Molly Russell inquest: Teenager reached out to celebrities and influencers for help, inquest told
The 14-year-old sent tweets to American actress Lili Reinhart and YouTube star Salice Rose, with one saying: “I can’t do it any more.”
Molly’s father, Ian Russell, was taken through the posts from the witness box on Thursday, where he said: “I believe social media helped kill my daughter.”
He said the messages sent to high-profile figures were “particularly prevalent on Twitter”.
Mr Russell told North London Coroner’s Court that harmful and “normal” online content would have been “conflated” in a 14-year-old’s mind.
He was asked about his thoughts on the effect of Molly accessing “harmless” content on social media platforms, such as posts about fashion and pop music, by the family’s lawyer Oliver Sanders KC.
Mr Russell told the inquest that “digital technology can be brilliant”, but the difference between the two types of content “would be very much blurred” for his daughter.
Giving evidence in the witness box, Mr Russell said: “I believe social media helped kill my daughter.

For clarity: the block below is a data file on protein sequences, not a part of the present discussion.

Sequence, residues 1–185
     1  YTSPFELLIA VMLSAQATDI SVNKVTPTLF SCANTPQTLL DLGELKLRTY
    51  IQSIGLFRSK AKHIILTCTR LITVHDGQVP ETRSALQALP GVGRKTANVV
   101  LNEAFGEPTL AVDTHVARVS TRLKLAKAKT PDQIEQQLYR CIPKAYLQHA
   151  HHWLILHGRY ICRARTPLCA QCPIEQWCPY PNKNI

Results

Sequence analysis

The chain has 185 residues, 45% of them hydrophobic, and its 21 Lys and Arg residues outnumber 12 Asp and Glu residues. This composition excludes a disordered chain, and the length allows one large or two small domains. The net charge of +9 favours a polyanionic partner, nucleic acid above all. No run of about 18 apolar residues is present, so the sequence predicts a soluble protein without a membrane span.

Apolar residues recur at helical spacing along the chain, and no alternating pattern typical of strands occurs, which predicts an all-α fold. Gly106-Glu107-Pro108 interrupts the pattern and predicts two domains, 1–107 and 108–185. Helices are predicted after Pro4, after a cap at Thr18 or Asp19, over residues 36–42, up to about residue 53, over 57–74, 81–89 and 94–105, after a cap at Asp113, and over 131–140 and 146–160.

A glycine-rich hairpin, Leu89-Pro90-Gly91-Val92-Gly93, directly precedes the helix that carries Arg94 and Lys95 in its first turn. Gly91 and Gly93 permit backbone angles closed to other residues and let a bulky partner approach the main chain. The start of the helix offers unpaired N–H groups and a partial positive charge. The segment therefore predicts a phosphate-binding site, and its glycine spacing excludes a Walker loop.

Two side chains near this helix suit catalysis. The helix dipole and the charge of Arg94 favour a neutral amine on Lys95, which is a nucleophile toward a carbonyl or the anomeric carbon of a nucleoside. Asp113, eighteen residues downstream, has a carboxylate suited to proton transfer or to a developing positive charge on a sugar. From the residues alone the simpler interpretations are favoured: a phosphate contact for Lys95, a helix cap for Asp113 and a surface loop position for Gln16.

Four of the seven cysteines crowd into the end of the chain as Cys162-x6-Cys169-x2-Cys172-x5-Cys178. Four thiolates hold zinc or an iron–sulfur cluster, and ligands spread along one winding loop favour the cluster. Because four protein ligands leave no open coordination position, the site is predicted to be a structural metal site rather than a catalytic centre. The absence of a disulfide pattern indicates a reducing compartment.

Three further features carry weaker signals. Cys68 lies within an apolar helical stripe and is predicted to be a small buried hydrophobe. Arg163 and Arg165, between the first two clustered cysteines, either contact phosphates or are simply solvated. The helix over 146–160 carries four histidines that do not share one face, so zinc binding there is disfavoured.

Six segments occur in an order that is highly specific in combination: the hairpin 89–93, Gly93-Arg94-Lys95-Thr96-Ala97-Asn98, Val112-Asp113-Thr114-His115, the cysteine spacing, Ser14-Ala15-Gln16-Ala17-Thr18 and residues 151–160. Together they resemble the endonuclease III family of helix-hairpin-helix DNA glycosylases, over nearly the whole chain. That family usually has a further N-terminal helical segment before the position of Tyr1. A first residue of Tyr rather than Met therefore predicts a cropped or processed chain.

“I believe that too much of that content is still there and I believe there is a lack of transparency.
“Children shouldn’t be on a platform that presents a risk to their lives.”
His remarks were made before a senior executive from social media giant Pinterest later told the inquest he “deeply regrets” and is “sorry” for content viewed by Molly on the site before her death.
Judson Hoffman, the company’s head of community operations, admitted emails sent to the teenager such as “10 depression pins you might like” was “the type of content that we wouldn’t like anyone spending a lot of time with”.
Mr Hoffman was taken through a vast number of “disturbing” images Molly had interacted with on the site relating to self-harm, suicide and depression.
Pinterest describes itself as a “visual discovery engine for finding ideas”, where users can save the “pins” they see to their own “boards” – said in court to be akin to creating a collage.
The court was shown two streams of content the 14-year-old saw, comparing the material she viewed earlier in her use of the platform and in the months closer to her death.
The inquest, which is expected to last up to two weeks, continues.